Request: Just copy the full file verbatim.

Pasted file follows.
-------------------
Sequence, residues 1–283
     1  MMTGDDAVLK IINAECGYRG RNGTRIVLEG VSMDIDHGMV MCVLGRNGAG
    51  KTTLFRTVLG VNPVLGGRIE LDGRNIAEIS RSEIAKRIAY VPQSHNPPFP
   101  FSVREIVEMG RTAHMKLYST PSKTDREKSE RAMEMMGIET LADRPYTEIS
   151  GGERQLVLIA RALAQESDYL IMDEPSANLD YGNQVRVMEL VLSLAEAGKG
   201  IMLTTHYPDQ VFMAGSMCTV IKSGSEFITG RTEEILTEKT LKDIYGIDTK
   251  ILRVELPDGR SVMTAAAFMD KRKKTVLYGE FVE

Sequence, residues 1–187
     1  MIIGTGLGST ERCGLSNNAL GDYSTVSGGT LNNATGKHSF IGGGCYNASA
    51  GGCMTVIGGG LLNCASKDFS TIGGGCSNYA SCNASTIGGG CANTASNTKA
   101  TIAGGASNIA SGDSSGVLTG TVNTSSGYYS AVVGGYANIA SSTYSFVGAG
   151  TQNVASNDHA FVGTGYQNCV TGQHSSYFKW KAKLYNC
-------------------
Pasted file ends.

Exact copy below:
Sequence, residues 1–283
     1  MMTGDDAVLK IINAECGYRG RNGTRIVLEG VSMDIDHGMV MCVLGRNGAG
    51  KTTLFRTVLG VNPVLGGRIE LDGRNIAEIS RSEIAKRIAY VPQSHNPPFP
   101  FSVREIVEMG RTAHMKLYST PSKTDREKSE RAMEMMGIET LADRPYTEIS
   151  GGERQLVLIA RALAQESDYL IMDEPSANLD YGNQVRVMEL VLSLAEAGKG
   201  IMLTTHYPDQ VFMAGSMCTV IKSGSEFITG RTEEILTEKT LKDIYGIDTK
   251  ILRVELPDGR SVMTAAAFMD KRKKTVLYGE FVE

Sequence, residues 1–187
     1  MIIGTGLGST ERCGLSNNAL GDYSTVSGGT LNNATGKHSF IGGGCYNASA
    51  GGCMTVIGGG LLNCASKDFS TIGGGCSNYA SCNASTIGGG CANTASNTKA
   101  TIAGGASNIA SGDSSGVLTG TVNTSSGYYS AVVGGYANIA SSTYSFVGAG
   151  TQNVASNDHA FVGTGYQNCV TGQHSSYFKW KAKLYNC